Two conflicting rulings on Friday leave the future use of the abortion medication mifepristone uncertain, though because of one of the rulings, it could remain legal in New Mexico. There are two rulings in separate states that conflict with one another on the use of the abortion medication mifepristone and the judicial decisions both order the U.S. Federal Drug Administration to act differently with regard to the drug. The ruling made by a Texas federal district judge could force the FDA to remove mifepristone off the market after a seven-day injunction period. But, a ruling also made by a Washington state federal district judge could mean that in 17 states, including New Mexico, the drug would continue to be legally available. But, with two different rulings provided by two different judges that are in direct conflict with each other, there is considerable uncertainty as to the future of abortion medication, reproductive rights advocates said during a national press conference on Monday.
Update: The judge made his ruling Friday evening and invalidated the FDA approval though the judge stayed his own order for seven days to allow the FDA to appeal. A second federal judge in Washington ordered the FDA to make no changes to the availability of mifepristone. This story appears as originally written below. A federal district judge in Texas is expected to rule in the coming weeks on whether the abortion drug mifepristone can remain on the market. The case, Alliance for Hippocratic Medicine v. FDA, was brought to the Amarillo-based federal district court, abortion advocates have said, because the sole federal judge there has ties to Christian-based organizations and has said before that he supports state bans on birth control.
The day before the deadline to sign bills, Gov. Michelle Lujan Grisham signed the capital outlay bill, which includes a $10 million pledge to build a full-spectrum reproductive health clinic in Las Cruces. HB 505 contains $1.2 billion worth of projects to be built across the state. Among those is Lujan Grisham’s $10 million pledge to build a full-spectrum reproductive health care clinic in Las Cruces. Lujan Grisham announced the pledge last summer, a few months after the U.S. Supreme Court overturned Roe v. Wade when it ruled against a Mississippi abortion clinic that provided abortions up to 16 weeks. Several organizations have partnered to begin discussions on the future clinic.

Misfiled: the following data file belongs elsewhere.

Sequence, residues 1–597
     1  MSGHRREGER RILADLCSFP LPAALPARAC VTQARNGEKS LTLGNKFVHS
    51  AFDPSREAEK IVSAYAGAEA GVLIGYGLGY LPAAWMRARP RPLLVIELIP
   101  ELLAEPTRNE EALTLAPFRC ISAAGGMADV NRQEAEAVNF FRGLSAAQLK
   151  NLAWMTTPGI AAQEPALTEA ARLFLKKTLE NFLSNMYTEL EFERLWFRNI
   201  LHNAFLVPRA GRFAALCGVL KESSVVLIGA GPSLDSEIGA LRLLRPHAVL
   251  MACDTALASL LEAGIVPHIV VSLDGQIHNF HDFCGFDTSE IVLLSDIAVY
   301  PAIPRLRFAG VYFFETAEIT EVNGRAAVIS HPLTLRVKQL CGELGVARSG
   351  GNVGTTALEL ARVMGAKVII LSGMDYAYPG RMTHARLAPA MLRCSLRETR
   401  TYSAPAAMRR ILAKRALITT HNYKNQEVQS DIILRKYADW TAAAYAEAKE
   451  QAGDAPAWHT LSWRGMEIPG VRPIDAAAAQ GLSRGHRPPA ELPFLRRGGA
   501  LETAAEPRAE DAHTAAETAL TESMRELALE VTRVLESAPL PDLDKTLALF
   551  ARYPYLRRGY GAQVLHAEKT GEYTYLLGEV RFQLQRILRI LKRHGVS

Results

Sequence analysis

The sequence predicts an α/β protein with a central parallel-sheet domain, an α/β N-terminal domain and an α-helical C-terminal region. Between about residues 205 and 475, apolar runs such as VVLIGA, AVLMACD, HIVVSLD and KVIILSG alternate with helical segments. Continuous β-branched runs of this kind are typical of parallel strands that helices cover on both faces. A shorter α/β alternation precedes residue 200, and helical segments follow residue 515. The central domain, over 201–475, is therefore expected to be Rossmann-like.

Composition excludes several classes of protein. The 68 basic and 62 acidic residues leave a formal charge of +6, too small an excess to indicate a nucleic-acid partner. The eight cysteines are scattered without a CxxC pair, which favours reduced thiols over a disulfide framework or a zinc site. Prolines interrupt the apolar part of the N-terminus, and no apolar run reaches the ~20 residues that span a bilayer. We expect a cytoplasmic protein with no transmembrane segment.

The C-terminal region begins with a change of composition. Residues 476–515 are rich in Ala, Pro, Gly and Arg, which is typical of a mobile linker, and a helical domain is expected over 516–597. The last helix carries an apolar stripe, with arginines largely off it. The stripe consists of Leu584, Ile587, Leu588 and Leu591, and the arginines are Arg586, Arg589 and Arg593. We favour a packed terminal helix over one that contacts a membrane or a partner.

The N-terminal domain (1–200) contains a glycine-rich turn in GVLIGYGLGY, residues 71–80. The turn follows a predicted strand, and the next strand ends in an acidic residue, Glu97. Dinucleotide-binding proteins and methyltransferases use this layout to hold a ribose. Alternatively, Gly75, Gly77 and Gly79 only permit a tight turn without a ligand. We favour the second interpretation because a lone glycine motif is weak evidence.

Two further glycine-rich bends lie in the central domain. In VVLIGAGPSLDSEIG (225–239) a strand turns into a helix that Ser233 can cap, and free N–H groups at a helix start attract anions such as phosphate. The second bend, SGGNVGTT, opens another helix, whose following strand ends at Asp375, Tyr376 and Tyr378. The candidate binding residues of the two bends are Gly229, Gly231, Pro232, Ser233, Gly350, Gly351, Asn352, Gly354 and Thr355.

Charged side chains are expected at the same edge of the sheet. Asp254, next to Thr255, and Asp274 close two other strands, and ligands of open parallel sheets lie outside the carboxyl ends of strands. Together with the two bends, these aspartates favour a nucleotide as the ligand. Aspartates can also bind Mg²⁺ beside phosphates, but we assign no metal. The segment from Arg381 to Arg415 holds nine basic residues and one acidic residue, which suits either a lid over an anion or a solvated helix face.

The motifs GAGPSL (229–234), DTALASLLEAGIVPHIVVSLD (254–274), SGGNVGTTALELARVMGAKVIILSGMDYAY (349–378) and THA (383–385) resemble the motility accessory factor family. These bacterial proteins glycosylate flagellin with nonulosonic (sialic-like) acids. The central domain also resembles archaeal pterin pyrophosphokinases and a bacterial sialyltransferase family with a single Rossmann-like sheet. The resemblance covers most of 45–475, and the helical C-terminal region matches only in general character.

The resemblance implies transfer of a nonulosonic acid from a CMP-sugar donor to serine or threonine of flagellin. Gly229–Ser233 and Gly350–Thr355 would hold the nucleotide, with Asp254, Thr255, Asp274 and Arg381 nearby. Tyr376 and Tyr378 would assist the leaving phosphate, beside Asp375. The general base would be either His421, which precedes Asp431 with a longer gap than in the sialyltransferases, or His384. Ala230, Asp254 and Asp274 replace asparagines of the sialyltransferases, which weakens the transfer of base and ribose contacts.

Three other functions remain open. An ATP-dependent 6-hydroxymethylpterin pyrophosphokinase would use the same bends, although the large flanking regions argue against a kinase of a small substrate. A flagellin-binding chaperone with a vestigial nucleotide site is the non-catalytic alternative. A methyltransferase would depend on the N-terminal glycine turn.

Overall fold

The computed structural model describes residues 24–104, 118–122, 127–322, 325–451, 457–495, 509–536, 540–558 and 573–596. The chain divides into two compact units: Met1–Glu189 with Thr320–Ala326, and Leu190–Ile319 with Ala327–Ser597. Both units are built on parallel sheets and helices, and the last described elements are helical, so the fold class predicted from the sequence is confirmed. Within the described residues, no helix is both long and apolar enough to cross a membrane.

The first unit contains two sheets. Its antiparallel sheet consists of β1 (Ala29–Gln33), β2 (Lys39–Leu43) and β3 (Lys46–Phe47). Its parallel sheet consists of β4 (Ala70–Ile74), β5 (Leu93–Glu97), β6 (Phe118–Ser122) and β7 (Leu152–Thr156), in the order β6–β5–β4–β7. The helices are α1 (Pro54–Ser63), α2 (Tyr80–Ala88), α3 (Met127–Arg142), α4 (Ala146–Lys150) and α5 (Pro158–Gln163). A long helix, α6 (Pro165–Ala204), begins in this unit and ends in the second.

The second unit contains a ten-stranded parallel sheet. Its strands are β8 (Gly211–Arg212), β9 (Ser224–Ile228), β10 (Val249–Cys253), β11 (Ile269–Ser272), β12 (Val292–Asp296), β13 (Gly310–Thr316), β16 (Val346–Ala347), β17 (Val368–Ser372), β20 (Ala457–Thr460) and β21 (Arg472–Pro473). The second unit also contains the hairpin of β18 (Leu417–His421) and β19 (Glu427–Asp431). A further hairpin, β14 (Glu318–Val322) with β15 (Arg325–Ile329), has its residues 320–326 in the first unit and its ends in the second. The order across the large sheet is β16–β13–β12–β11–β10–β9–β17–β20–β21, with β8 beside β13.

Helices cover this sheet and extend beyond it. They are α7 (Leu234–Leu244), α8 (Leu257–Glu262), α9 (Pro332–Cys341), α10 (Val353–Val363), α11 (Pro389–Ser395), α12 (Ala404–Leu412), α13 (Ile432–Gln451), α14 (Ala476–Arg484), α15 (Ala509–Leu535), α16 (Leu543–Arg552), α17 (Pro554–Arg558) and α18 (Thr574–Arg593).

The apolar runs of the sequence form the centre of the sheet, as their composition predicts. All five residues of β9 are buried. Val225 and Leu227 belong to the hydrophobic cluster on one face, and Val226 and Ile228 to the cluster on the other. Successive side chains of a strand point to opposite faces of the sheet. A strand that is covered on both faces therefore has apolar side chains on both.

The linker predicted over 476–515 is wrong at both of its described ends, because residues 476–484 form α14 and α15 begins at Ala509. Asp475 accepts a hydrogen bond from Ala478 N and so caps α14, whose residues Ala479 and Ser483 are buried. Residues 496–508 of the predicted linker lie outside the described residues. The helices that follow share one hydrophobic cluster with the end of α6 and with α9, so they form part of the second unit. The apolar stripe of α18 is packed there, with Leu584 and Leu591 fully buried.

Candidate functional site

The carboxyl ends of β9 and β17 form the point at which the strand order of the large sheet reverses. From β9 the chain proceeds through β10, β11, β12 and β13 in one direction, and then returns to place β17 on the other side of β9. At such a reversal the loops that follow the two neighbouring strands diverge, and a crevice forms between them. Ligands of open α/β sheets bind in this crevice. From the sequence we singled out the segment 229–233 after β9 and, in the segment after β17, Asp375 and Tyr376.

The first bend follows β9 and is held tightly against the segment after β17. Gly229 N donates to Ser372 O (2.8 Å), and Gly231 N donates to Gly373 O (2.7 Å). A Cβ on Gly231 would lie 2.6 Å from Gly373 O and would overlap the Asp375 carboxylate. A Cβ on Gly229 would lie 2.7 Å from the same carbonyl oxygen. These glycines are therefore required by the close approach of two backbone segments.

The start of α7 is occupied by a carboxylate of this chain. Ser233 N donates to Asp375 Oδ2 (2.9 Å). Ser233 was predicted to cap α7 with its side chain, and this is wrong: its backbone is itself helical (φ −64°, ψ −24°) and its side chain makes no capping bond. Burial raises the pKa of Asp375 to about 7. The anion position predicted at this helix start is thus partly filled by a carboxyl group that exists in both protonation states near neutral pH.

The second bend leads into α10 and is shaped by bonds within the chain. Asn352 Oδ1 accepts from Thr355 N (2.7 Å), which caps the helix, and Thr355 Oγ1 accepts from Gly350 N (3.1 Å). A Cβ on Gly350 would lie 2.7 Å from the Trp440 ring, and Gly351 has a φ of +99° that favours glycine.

Governor Michelle Lujan Grisham signed legislation that protects providers and patients from out-of-state efforts to criminalize or penalize through civil court the right to abortion in New Mexico. SB 13, Reproductive Health Provider Protections, codifies into law Lujan Grisham’s executive order announced last summer, just days after the U.S. Supreme Court overturned Roe v. Wade through its Dobbs decision. It also protects those providing and seeking gender-affirming care. The new law, sponsored by state Sen. Linda Lopez, D-Albuquerque, carries penalties of $10,000 for a violation. It prohibits state agencies from participating in an out-of-state effort to seek information about or from abortion or gender-affirming care providers.
The New Mexico Early Childhood Education and Care Department announced on Tuesday what it calls a “historic” expansion of New Mexico pre-Kindergarten programs.
NMECECD Secretary Elizabeth Groginsky held a press conference in Albuquerque to discuss the funding expansion. With $98 million available to expand and enhance New Mexico pre-K allocated by the Legislature for the upcoming fiscal year, which begins in July, the department seeks to expand both instructional hours and educator credentials; increase per student rate and supplemental funding; increase access and provide clarity for Head Start program grantees. For three-year-old children enrolled in early pre-K, the expansion could go from the current rate of $8,750 per child to $15,750 per child. That would be for organizations that apply for the extended plus program and would include 1,380 hours of instruction per year. For four-year-old children enrolled in pre-K, the expansion could go from $7,000 per child to $14,300 per child and would also increase the instructional hours to 1,380.
The Transgender Resource Center will expand into opening a transitional housing model. The new executive director, Michael Trimm, said he is looking at properties and that the goal is to be able to offer transitional housing to three-to-four individuals by the end of 2024. Trimm said this is a long cherished dream of TGRC. He called it coming “full circle.”